Pterygium Sx


Pterygium Sx

Pterygium surgery, also known as pterygium excision, is a surgical procedure used to remove a growth that develops on the conjunctiva of the eye, called a pterygium. A pterygium is a benign growth that often appears as a yellowish or pinkish triangular-shaped tissue over the white part of the eye. It may cause discomfort, redness, and irritation to the eye, as well as affect vision if it grows over the cornea.

During the surgery, the surgeon removes the pterygium tissue with a surgical instrument. After the tissue is removed, the surgeon may use a graft, usually taken from the patient's own conjunctiva or amniotic membrane, to cover the area where the pterygium was removed. The graft helps to prevent the pterygium from growing back and also promotes healing.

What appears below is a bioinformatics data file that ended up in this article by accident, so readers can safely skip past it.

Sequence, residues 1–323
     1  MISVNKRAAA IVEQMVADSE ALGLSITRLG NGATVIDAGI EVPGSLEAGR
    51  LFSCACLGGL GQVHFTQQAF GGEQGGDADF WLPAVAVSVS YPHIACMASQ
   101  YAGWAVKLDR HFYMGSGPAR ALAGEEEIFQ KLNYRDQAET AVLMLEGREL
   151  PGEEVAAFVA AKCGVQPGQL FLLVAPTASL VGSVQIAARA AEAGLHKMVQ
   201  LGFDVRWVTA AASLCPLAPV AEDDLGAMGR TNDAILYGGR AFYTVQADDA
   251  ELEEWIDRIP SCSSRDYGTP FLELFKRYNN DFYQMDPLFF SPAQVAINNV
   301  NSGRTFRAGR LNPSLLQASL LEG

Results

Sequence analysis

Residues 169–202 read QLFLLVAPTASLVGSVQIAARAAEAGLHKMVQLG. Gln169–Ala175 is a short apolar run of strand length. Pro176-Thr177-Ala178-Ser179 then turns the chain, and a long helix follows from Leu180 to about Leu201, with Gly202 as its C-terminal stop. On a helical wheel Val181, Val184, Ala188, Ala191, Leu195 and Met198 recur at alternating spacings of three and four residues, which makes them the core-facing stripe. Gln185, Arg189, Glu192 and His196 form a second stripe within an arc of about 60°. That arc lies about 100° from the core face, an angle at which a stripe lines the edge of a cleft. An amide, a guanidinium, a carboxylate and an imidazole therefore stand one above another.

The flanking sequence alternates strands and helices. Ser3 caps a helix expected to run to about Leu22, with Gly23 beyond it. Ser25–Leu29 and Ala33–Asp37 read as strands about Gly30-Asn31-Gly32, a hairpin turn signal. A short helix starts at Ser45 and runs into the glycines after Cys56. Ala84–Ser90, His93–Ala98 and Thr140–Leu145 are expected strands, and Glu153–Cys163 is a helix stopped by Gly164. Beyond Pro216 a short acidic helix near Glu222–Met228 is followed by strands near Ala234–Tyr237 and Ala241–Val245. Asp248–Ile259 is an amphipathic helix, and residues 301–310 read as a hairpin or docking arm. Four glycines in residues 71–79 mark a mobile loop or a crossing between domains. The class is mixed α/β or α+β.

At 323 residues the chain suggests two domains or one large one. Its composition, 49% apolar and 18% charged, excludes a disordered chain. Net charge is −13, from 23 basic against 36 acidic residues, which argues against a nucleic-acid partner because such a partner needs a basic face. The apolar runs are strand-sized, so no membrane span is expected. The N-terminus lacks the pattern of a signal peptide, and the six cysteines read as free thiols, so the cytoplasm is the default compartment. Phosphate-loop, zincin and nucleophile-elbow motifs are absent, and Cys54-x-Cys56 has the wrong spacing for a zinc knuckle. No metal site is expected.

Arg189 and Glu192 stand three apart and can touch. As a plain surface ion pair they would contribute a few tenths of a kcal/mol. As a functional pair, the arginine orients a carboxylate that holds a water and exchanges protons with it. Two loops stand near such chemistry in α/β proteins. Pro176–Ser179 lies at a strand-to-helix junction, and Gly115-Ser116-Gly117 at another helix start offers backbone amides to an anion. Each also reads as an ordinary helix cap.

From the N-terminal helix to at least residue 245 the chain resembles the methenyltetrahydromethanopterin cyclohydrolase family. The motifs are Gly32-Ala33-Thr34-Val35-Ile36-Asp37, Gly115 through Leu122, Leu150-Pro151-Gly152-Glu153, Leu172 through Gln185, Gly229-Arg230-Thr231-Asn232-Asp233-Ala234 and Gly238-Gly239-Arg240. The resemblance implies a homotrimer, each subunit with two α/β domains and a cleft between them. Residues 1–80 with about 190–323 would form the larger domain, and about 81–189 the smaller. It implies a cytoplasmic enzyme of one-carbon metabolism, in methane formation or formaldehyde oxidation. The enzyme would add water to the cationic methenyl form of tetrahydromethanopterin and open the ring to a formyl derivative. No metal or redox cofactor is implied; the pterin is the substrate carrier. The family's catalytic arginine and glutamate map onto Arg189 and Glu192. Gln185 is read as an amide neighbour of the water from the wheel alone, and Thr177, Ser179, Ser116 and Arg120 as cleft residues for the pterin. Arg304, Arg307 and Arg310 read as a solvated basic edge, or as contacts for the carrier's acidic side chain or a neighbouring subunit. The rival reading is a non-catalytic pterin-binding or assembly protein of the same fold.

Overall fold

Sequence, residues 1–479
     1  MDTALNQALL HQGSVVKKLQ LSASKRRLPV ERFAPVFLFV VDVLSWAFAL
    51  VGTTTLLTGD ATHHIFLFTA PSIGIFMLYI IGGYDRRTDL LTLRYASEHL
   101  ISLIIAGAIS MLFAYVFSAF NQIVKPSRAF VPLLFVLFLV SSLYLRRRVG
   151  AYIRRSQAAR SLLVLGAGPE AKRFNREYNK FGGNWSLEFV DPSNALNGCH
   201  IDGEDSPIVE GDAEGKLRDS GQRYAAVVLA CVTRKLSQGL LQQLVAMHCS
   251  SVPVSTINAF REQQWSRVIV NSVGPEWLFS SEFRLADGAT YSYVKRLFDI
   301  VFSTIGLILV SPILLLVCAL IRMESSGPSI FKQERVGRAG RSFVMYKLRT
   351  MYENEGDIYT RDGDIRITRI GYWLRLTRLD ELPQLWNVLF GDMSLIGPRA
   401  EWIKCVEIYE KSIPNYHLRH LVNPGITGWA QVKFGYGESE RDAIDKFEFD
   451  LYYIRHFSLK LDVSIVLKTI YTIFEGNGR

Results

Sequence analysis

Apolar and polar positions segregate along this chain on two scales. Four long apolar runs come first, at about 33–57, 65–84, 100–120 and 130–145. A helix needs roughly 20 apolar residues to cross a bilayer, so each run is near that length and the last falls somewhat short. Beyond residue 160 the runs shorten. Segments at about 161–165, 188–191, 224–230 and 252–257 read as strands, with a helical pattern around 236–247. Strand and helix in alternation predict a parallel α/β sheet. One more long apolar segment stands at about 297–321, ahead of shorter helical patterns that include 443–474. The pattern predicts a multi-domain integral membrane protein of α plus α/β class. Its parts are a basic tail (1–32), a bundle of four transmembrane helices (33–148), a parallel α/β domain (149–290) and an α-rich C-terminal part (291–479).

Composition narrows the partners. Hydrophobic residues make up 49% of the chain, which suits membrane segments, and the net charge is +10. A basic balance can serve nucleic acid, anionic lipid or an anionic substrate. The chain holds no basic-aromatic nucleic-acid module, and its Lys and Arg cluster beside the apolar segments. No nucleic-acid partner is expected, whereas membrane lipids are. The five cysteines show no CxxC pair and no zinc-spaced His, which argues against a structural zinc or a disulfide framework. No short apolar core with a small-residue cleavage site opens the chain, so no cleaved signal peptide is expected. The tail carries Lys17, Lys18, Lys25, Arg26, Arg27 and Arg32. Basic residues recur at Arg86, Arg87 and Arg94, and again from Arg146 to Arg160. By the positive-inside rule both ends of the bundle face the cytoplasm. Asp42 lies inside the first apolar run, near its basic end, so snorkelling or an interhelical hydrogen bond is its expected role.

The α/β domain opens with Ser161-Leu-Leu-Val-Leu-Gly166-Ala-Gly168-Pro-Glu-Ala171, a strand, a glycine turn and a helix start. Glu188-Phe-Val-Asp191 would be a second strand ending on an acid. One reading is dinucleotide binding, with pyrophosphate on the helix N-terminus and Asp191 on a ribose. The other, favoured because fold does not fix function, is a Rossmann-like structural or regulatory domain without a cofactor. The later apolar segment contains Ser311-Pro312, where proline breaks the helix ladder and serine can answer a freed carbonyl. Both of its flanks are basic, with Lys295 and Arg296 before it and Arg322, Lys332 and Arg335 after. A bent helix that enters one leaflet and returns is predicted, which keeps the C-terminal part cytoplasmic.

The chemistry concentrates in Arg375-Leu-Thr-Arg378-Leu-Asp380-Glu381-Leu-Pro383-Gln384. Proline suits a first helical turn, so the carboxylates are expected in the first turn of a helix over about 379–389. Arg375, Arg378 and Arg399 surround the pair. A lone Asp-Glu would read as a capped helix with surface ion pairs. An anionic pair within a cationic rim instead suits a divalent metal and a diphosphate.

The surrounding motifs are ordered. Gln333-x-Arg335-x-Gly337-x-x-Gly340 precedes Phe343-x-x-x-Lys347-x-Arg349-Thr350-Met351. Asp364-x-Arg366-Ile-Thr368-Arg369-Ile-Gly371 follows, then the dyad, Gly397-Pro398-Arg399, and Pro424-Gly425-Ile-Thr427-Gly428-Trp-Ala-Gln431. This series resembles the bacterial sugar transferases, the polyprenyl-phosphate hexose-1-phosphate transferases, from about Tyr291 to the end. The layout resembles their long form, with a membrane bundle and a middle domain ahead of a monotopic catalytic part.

Pterygium surgery is usually performed as an outpatient procedure, meaning patients can go home the same day. After the surgery, patients are usually given eye drops to use for several weeks to prevent infection and reduce inflammation. They may also need to wear protective glasses for a few days, and avoid rubbing or touching their eyes.

Patients should follow their doctor's instructions carefully and attend any follow-up appointments to ensure proper healing.

Overall, pterygium surgery is a safe and effective way to remove a growth and improve eye health and vision.